Even God needs help when making miracles. He sent a wind to split the Red Sea rather than doing it directly; Moses took intensive elocution lessons before he could shout the Ten Commandments down to the Israelites, and the walls of Jericho could well have been jerry-built by history’s first unscrupulous contractors. Add to this list the Miracle of Birth, which requires a number of gadgets that whir, beep and gargle to help doctors coax new life into the world. As I begin my rotation in obstetrics and gynecology (OB/GYN), I know to treat these machines with wary respect, stepping aside as the all-powerful nurses set them up, then copying down their flickering readings with equal parts diligence and ignorance. One new mother attached to a monitor wanted to know whether her blood pressure readings were good or bad. “They went up, and now they’re coming down,” I answered lamely, to her silent dissatisfaction.
A few days ago, for instance, I participated in the delivery of an ultra-Orthodox woman’s baby. Most such women, though young, already have a number of kids, and respond to my questions either in blasé fashion or with outright impatience, aware that they know their own physiology better than I ever will — after all, it’s served them for the past four or five children. Their next birth will be fine, God willing, and, in any case, they’ve got an experienced obstetrician waiting in the wings to help make sure the miracle proceeds as planned.
When I say “participated in the delivery,” I mean that at first I stood in the corner, paralyzed with fear, hoping that if I were asked to catch the baby, it wouldn’t slip out of my hands like a wet trout. (Newborn babies should come with grippable surfaces, as do basketballs or pistols.) As it turned out, I did leave the corner, when invited by the attending physician to help support the mother’s body and the baby’s emerging head in a way that made me think I was helping. (This is an essential part of teaching: making the student think he or she can be of service even when it’s not the case.) I put three fingers on that warm, black-haired dome and, together with the doctor, gave a gentle pull. The newborn flopped out purply with a healthy cry, caught by the doctor, or — more important to my terrified self — someone other than me. I didn’t drop anything! The baby was transferred carefully, but with great speed, to a couple of waiting pediatricians.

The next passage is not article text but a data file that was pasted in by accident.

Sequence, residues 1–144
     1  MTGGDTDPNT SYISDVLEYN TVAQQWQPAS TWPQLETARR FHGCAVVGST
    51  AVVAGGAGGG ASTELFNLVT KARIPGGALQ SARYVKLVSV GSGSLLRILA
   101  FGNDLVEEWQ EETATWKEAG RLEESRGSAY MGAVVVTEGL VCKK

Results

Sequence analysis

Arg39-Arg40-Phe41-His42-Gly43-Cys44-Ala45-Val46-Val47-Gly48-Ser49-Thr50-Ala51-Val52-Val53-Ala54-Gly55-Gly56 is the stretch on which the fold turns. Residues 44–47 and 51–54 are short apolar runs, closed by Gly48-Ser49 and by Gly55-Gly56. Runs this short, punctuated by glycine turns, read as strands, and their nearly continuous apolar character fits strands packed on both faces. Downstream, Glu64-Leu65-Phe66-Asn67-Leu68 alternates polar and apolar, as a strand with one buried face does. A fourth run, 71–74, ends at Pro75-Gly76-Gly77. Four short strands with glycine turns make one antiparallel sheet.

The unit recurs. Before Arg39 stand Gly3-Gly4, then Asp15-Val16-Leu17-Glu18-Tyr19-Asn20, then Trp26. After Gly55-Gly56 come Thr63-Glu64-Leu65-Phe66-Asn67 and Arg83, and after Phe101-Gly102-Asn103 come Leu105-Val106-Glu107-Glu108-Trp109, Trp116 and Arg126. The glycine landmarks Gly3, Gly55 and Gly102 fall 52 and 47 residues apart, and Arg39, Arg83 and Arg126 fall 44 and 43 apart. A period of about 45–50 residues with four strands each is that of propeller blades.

This is the point when the father swung into action with his own piece of equipment. As the pediatricians hovered around and above the child (I thought doctors and father were going to butt heads, but, by another miracle, they did not), Dad held his cell phone up to the squalling bundle, broadcasting its cries to a grandmother in Brooklyn. The father returned the phone to his ear, said “Mazel tov” and burst into tears. (He had been in the room the whole time, learning Torah, carefully training his eyes on the monitor or out the window when the mother-to-be, his wife, was convulsed in another epic round of pushing.) His wife asked him, in Yiddish, “Host yeder gekolt?” (“Did you call everyone?”)
Off in the corner where I stood, another birth was taking place, helped by nature and by medical school, if not quite by God. A new medical student — me — was coming into the world. Sure, this is my second rotation, but the first, though fascinating, was the decidedly nonstrenuous 9-to-5 Psychiatry rotation. The first couple weeks of OB/GYN has you working from 4 in the morning till 7 in the evening. The unit in which I’m stationed delivers around a hundred babies a week. Here, what’s miraculous is the transformation of the act of birth from the breathtaking to the manageable. “This is not normal,” one new mother said, smiling through tears, trying to describe her feelings as she watched her baby being cleaned and monitored by the pediatricians. “Every delivery is different,” the doctor responded, friendly but underwhelmed, as he sewed up an incision.
A miracle becomes everyday through systematization. The people were stunned by their first exposure to the divine voice, and refused to listen to God after his first words, but Moses had done it a thousand times; for him, it was already routine. When I see a pregnant woman, as ripe as a watermelon, warily approaching the secretary to say that she’s here to give birth, I realize that this might be the first time she’s ever said those words, while it’s maybe the millionth time they’ve been uttered on this floor. Miraculous acts are not available to the medical student, but a short interview and physical exam, performed in the service of routine medical evaluation, can make sure that the abnormal and the wonderful give rise only to results that can be treated and managed. At least in the medical realm. As for raising the children themselves, that’s an even more slippery fish to catch.
Zackary Sholem Berger received his doctorate in epidemiology in January from New York University. Now he’s becoming that mythical figure, the Jewish Doctor. His OB/GYN rotation lasts until Purim, when he will not deliver any babies while drunk — or sober, for that matter. Questions and comments can be sent to email@example.com; no medical advice given.